Arthritic conditions found within the joints of the body: their causes, treatment, current research, and what effect they have on athletic participation.
Types of Arthritis
Causes of Arthritis
Arthritis and Athletic Activities
Arthritis is said to be the number one cause of disability in the United States, with more individuals disabled with arthritis than by both heart disease and strokes (Lewis 2000).
Arthritis is also a disease that is plagued with misunderstanding. The Center for Disease Control warns that it is these misunderstandings that result in the disease doing so much harm (Lewis 2000).
Some of the common misunderstandings involve recognizing that there are different types of arthritis and that arthritis is not only a disease of the aged. Arthritis is also often not taken seriously enough in its early stages, preventing individuals from seeking medical help that could prevent the disease from worsening.
There is also an important link between sports, exercise and arthritis. While it is true that arthritis can be caused by sport, it is also true that exercise can prevent arthritis from developing. The link between exercise and arthritis needs to be understood so that individuals can take the correct preventative measures.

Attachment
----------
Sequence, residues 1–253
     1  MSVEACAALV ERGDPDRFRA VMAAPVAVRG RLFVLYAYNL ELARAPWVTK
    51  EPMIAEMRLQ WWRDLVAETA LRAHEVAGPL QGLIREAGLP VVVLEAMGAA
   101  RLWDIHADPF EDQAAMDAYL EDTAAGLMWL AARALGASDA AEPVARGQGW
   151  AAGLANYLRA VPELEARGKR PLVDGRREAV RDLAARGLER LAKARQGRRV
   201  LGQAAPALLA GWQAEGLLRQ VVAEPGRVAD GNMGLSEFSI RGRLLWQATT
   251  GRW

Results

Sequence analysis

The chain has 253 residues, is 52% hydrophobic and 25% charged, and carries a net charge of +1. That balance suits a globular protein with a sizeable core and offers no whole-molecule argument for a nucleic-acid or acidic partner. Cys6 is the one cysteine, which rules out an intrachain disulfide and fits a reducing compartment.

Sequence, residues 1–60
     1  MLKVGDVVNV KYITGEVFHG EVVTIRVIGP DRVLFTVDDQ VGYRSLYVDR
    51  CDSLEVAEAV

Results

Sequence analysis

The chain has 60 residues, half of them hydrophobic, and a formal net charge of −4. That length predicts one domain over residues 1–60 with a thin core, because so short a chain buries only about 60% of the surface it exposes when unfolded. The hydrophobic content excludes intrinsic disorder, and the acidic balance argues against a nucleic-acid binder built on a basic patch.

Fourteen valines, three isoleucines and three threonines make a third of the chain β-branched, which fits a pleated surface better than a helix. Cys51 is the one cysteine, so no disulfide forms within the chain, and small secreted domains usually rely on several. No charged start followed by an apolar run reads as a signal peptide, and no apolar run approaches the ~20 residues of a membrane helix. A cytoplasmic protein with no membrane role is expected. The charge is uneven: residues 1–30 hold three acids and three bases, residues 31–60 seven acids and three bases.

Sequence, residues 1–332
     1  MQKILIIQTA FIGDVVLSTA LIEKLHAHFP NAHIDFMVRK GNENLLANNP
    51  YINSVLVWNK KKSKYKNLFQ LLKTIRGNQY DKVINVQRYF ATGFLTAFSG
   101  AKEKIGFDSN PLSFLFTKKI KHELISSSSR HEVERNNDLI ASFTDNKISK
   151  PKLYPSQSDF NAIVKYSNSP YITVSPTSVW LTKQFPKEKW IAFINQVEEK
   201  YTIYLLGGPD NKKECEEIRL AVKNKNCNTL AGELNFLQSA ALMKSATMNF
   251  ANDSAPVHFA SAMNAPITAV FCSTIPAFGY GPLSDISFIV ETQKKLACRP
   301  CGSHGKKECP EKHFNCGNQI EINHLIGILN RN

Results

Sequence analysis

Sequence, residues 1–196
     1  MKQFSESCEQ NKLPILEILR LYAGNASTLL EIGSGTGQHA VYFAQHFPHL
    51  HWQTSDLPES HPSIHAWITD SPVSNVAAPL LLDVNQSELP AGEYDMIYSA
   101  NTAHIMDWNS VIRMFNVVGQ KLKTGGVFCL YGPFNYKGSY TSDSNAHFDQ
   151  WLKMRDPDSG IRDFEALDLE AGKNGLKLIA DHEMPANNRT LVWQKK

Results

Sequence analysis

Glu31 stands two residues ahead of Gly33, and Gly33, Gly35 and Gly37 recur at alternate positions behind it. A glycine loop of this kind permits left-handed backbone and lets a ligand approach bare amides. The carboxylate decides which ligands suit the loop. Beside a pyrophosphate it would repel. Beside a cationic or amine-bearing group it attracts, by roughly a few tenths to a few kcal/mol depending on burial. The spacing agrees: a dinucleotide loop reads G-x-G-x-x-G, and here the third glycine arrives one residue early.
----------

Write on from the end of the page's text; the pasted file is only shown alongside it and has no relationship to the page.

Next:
Finally, it is worthwhile to consider the extent of the problem of arthritis. It is currently estimated that over 42 million Americans suffer from arthritis, with this number expected to increase to 60 million by 2020 (Lewis 2000).
There are two major types of arthritis, rheumatoid arthritis and osteoarthritis.
Rheumatoid arthritis affects around 2.1 million Americans, about 1 per cent of the population. While it is more prevalent in people over 45, it can occur in any age group, including children (NIAMS 1998). It is reported that around 300,000 children suffer from arthritis (Lewis 2000).
Osteoarthritis is the more common type of arthritis, affecting around 21 million Americans. Osteoarthritis is associated with age, but can still be managed, treated and prevented (Lewis 2000).
The social and economic cost of arthritis is also not to be underestimated. The economic cost includes the cost of medical treatment as well as wages lost due to time taken off work. The social impact includes significant impact on quality of life, with the pain of arthritis commonly resulting in feelings of depression and anxiety (NIAMS 1998). Arthritis is also often related to problems with work and family life (NIAMS 1998).